Top Indian Mujahideen leader arrested
Tehsin Akhtar alias Monu, the outlawed Indian Mujahideen's (IM) current chief of Indian operations who is an expert in bomb-making, has finally been arrested, Delhi Police announced Tuesday, confirming the story IANS broke a day earlier.
Delhi Police Special Commissioner S.N. Srivastava said 23-year-old Akhtar was formally arrested from near Kakarvitta on the Nepal border Tuesday morning while he was entering India. He was coming from Kathmandu.
IANS Monday reported that Akhtar was already in police custody.
Akhtar, once a close aide and a protege of arrested IM's co-founder Ahmad Siddibappa Zarar alias Yasin Bhatkal, was wanted for a series of terrorist strikes in various states.
"After Bhatkal's arrest, Akhtar was handling all India-based modules of the outfit apart from being the key link between IM and other splinter terror outfits which have emerged from the umbrella of the Students Islamic Movement of India (SIMI)," said Srivastava.
Police officials described the arrest as a major breakthrough in the war against the shadowy group.
Police sources earlier told IANS that Akhtar, a resident of Samastipur in Bihar, was part of Indian Mujahideen's plan to create mayhem during the staggered Lok Sabha polls starting April 7.
Investigators said Akhtar, the tech-savvy terrorist, was the prime motivator tasked with developing new modules for the outfit and had also become the vital link between the IM and other radical extremist groups emerging from the banned SIMI.
Akhtar was in constant touch with Pakistani national Waqas, who was arrested Friday from Rajasthan also by Delhi Police.
Akhtar was reportedly involved in bomb attacks in several places since 2010, the year he reportedly joined IM. The strikes include a blast at Varanasi's Sheetla Ghat during the evening 'aarti', the 2011 serial blasts in Mumbai and the twin bombings in Hyderabad in 2013.
Following an Intelligence Bureau alert, Delhi Police arrested Waqas and his associates Mohammad Mahruf, Waqar Azhar and Shaquib Ansari from Jaipur and Jodhpur in Rajasthan Friday and Saturday. Delhi Police announced these arrests Sunday.
Police also recovered explosives, detonators, electronic circuits and timers from the arrested men.
Srivastava told IANS that Akhtar was the one who received Pakistani national Waqas at the Kathmandu airport in September 2010 and brought him to Delhi to carry out the Jama Masjid bomb attack.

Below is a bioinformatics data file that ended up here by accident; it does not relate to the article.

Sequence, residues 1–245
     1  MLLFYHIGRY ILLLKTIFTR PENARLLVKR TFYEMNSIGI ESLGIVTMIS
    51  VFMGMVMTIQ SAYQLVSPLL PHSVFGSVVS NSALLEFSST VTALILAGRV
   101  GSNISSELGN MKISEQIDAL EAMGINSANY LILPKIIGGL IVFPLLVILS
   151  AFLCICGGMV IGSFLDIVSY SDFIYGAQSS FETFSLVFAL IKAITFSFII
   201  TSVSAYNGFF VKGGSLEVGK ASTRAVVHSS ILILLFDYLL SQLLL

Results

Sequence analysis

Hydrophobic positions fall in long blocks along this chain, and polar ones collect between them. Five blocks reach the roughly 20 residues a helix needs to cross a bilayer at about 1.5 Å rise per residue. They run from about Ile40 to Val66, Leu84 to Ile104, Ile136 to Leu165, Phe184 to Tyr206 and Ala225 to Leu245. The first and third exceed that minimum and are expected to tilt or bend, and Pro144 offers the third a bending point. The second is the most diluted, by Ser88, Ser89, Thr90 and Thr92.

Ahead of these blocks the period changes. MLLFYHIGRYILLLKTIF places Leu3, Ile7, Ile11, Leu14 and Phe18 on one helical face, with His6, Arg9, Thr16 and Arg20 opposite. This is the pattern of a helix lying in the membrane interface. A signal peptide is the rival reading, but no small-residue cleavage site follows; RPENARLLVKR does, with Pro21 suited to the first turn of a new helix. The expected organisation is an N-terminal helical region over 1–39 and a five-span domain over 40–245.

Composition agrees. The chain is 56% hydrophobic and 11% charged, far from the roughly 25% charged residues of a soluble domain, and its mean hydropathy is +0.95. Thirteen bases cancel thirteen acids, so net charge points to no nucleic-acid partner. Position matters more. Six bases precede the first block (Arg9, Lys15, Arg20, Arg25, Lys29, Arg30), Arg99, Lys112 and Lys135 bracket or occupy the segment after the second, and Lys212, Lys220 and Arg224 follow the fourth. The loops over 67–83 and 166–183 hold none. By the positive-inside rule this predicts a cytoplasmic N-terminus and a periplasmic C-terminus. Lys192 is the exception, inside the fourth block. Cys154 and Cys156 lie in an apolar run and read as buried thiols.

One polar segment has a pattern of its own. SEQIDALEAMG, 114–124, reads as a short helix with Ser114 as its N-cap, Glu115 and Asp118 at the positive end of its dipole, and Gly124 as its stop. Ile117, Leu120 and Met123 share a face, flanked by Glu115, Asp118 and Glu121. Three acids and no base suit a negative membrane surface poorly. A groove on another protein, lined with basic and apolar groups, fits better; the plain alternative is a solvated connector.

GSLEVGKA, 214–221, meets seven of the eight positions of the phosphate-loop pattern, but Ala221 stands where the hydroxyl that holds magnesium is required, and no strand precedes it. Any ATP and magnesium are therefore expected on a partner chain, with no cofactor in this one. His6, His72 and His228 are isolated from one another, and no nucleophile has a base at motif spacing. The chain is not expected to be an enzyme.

Police sources believe Akhtar was being controlled by India Mujahideen's absconding leader Riyaz Bhatkal, who is involved in several terror attacks in India.
Interrogation of Waqas revealed that Akhtar stayed with him at Munnar in Kerala from December 2013 till mid-January.
"He told Waqas to go to Rajasthan. He also went there for a few days but later left for Kathmandu. He was operating beyond the Indian borders but was on and off visiting various cities in India for keeping a tab on IM's sleeper modules being coordinated by Pakistan-based Bhatkal brothers Riyaz and Iqbal," said Srivastava.
Srivastava said Akhtar's next plan was to change his hideout from Kathmandu to another neighbouring country for which he entered Indian territory.
"IM's bosses had assured him to provide shelter for the time being. But, he was unlucky. As soon as he entered Kakarvitta region, he was arrested," Srivastava said.
Akhtar was being brought to Delhi by a special plane, said Srivastava, adding that he will reach the capital any time Tuesday night.
After executing the Hyderabad bombings in 2013, Akhtar took shelter in Jaipur and Jodhpur where he cultivated the Rajasthan module of IM, consisting of Mahruf, Waqar and Shaquib.
He left Rajasthan after the arrest of Yasin Bhatkal and Assadullah Akhtar alias Haddi, who is in judicial custody in Delhi.
(Posted on 25-03-2014)
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